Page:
© The Financial Times Ltd 2015 FT and 'Financial Times' are trademarks of The Financial Times Ltd.
August 1, 2014 2:45 pm
I’m at an exclusive address in the city, lying on a white leather couch with what amounts to a fancy vacuum-cleaner sucking up the fat on my stomach, and I’m flicking through magazines that seem to be reporting from a planet almost exclusively occupied by women who are (a) dumped by their footballer boyfriends (usually for their best friends); (b) struggling with weight loss; (c) celebrating weight loss; or (d) wondering whether their aforementioned weight loss could be excessive. I turn the page to see a bikini selfie accompanied by sample quote: “I was advised to get my breast implants removed but that would involve eight weeks away from the gym, and I just can’t do that.” I nearly cried at that one.
And, yes, the irony that I myself am undergoing a fat-reducing treatment while reading about all this does not escape me.
Which brings me back to why I’m lying on a white leather couch in the first place. Fear not, the bikini selfie is not going to happen; my quest is more about taking stock. If my weight has gone up, then the month of August (and any body anxiety that comes with it), is the time I use to bring it back down.
Everyone has their own motivation – mine is that I want my clothes (be it a bikini, tummy-restraining swimsuit, or kaftan) to fit. I focus on healthy eating, test new treatments, talk to the gym people, and, hopefully, seeing my body return to factory settings, as they say. To which end, here are a few of my favourite new quick-fixes.
Two weeks before going away: LipoContrast (the fancy vacuum-cleaner treatment I mentioned above) targets “difficult areas” such as pot bellies, love handles and the bits holding us back from a career as a catwalk model, by freezing the fat cells until lethal crystals form inside them (cue scary evil laughter). The idea of freezing fat cells is not a new one but this new machine promises faster results because it’s the first to alternate freezing fat cells with heating them up. The treatment, which costs £800, requires one to two sessions, but the effects are seen almost immediately, as opposed to the months the “old” machines took.
The treatment itself doesn’t hurt but for 48 hours afterwards expect some evil-looking bruising (as if you had been given a love bite by an alien slug). I dropped an inch instantly, lost the bloating, and can look forward to more fat-cell death over the next three weeks. Obviously, if you eat badly, the fat won’t stay away forever – our fat cells are very good at expanding in size, and quickly. This treatment is an adjunct to whatever else you’re doing, rather than a substitute, but a really good boost, nonetheless.
One week before: devised by a private members gym in Chelsea and tested on 22 of its glossy, good-looking clients, the “KX 7-day Total Body Detox” plan is a food-delivery service available in London. So far all of the glamorous guinea pigs have lost an average of two to three kilos of weight in a week, and three per cent of their body fat.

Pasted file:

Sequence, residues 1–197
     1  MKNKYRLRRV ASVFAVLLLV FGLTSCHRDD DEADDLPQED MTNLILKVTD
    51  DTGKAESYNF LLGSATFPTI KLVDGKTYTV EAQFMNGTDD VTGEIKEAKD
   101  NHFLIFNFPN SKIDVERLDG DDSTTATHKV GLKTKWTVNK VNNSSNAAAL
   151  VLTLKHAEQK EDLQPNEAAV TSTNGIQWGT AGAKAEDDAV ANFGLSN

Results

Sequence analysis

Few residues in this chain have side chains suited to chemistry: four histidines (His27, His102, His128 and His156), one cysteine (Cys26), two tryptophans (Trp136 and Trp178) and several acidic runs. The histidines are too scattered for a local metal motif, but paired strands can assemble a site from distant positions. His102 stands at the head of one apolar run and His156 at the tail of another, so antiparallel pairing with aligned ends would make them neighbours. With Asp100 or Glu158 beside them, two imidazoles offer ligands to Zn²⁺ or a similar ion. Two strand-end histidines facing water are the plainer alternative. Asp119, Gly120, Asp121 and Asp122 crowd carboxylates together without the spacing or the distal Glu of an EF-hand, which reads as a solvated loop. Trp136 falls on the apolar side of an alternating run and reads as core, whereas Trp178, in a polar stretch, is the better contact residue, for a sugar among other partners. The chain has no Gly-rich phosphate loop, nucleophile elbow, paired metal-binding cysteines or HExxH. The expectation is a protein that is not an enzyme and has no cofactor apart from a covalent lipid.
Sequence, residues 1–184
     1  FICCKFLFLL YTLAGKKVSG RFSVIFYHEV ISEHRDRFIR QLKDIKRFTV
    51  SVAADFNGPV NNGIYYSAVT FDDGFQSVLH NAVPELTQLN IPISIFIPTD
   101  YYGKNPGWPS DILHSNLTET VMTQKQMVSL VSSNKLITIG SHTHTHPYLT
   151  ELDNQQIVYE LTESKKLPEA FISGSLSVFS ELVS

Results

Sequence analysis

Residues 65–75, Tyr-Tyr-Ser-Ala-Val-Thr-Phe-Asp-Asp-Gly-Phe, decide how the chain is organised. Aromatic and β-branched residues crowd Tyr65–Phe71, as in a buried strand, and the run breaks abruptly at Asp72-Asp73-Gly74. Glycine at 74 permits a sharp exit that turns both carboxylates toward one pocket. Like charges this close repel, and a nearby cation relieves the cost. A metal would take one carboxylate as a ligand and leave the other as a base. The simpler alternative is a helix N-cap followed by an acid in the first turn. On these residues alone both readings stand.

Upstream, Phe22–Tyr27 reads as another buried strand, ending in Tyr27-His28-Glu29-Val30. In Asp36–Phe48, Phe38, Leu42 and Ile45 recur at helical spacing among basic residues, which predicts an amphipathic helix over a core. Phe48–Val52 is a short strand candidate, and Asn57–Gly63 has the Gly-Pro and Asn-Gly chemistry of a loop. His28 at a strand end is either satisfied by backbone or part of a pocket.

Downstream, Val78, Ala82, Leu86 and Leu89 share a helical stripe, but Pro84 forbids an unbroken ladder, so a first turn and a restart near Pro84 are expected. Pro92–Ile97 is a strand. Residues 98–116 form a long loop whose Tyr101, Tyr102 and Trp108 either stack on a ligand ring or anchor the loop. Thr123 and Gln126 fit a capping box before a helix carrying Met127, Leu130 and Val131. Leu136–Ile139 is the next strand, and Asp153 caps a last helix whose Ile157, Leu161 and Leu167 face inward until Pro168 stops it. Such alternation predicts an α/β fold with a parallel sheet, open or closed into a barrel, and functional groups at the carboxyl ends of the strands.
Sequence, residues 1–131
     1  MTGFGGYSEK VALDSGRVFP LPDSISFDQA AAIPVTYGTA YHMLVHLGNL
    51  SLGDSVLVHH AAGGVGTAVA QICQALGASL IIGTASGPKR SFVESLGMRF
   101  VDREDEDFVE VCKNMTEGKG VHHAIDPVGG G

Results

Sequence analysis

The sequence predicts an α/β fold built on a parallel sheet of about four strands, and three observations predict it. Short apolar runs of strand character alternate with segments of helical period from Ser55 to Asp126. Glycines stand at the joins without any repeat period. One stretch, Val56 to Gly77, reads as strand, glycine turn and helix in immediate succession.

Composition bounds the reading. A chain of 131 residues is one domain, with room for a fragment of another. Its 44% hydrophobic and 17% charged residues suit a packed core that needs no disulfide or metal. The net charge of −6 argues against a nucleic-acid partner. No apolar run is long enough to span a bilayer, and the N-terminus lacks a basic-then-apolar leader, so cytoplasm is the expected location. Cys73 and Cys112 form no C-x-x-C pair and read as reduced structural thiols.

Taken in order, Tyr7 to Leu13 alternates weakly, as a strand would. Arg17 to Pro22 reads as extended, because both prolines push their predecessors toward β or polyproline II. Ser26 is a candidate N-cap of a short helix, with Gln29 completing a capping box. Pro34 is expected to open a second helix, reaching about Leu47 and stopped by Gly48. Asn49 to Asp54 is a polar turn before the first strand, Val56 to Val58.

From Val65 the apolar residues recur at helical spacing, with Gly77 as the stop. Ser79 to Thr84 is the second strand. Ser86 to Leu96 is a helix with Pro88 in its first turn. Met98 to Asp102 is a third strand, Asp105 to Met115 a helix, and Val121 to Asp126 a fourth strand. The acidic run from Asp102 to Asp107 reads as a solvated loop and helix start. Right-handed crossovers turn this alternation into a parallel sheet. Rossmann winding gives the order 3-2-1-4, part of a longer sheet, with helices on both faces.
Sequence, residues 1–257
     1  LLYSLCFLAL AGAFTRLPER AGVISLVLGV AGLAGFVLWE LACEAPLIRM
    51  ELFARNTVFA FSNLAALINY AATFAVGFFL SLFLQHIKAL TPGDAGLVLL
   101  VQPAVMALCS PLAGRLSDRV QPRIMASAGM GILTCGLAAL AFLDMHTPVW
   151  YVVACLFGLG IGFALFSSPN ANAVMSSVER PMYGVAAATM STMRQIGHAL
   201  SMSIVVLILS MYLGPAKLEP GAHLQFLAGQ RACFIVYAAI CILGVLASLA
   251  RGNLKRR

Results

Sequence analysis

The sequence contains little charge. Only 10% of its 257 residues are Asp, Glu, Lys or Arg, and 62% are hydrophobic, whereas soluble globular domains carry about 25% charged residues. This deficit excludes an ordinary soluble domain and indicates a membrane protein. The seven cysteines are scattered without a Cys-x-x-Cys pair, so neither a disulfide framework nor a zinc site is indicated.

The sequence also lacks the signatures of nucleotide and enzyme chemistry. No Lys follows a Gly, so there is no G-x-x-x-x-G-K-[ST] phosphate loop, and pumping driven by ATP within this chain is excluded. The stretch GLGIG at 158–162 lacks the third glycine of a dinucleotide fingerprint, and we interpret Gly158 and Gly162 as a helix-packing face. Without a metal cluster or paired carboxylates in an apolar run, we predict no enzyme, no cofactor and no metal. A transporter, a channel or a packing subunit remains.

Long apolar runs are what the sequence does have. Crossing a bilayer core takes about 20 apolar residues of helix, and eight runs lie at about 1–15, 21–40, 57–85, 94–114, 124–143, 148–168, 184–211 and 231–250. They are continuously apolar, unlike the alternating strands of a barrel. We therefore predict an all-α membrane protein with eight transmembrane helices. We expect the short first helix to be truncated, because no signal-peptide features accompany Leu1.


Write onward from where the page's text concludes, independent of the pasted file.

What I like about the programme is the passion that’s gone in to putting it together, evident in conversations I had with the three men behind it – nutritionist Glen Matten, head chef Alessandro Verdenelli and fitness manager Gideon Remfry – who all clearly love food, and eating.
The plan is based on combining the right amount of calorie restriction and fasting with a diet that is rich in phyto-nutrients, and with just enough exercise of the right sort. You’re measured with calipers, scales, tape measures, and then for the first three days you follow a strict menu of green juices (a base of kale, celery, apple, rocket, watercress, ginger and lovage leaves, adapted with various supplements according to the time of day), plus a soup and a supper – a delicious tofu stir-fry that filled a whole dinner plate was last night’s offering – all of which are sent to your home or office each day. Combine it with a special exercise routine to boost the detox process – 10 minutes on the exercise bike at a low level, then sit in the sauna for 10 minutes (still wearing your gym kit) and repeat it three times, keeping a bottle of water to hand to stay hydrated.
The downside is that it costs a hefty £860 for the seven days, so you might want something a little cheaper (Dr Alejandro Junger’s seven- or 21-day Clean detox costs from US$199, and consists of shakes, supplements, and cooking your own food).
One day to go: for an instant slimming effect, tanning expert James Read suggests giving your self-tan a more contoured look. After you’ve washed off the self-tan (most require 12 hours, or overnight, to develop), he advises using his Bronzing Spray Instant (£24.50) to highlight areas of the body where the sun would naturally hit, which will give a more defined appearance. As he says, “If you can’t tone it, tan it!”.
I also love Charlotte Tilbury’s new Supermodel Body (£45), which, like Spanx (a body-shaping underwear brand) in a bottle, firms and adds a gentle sheen at the same time.
Now, where’s that iPhone? Bikini selfie season, here we come.
Please don't cut articles from FT.com and redistribute by email or post to the web.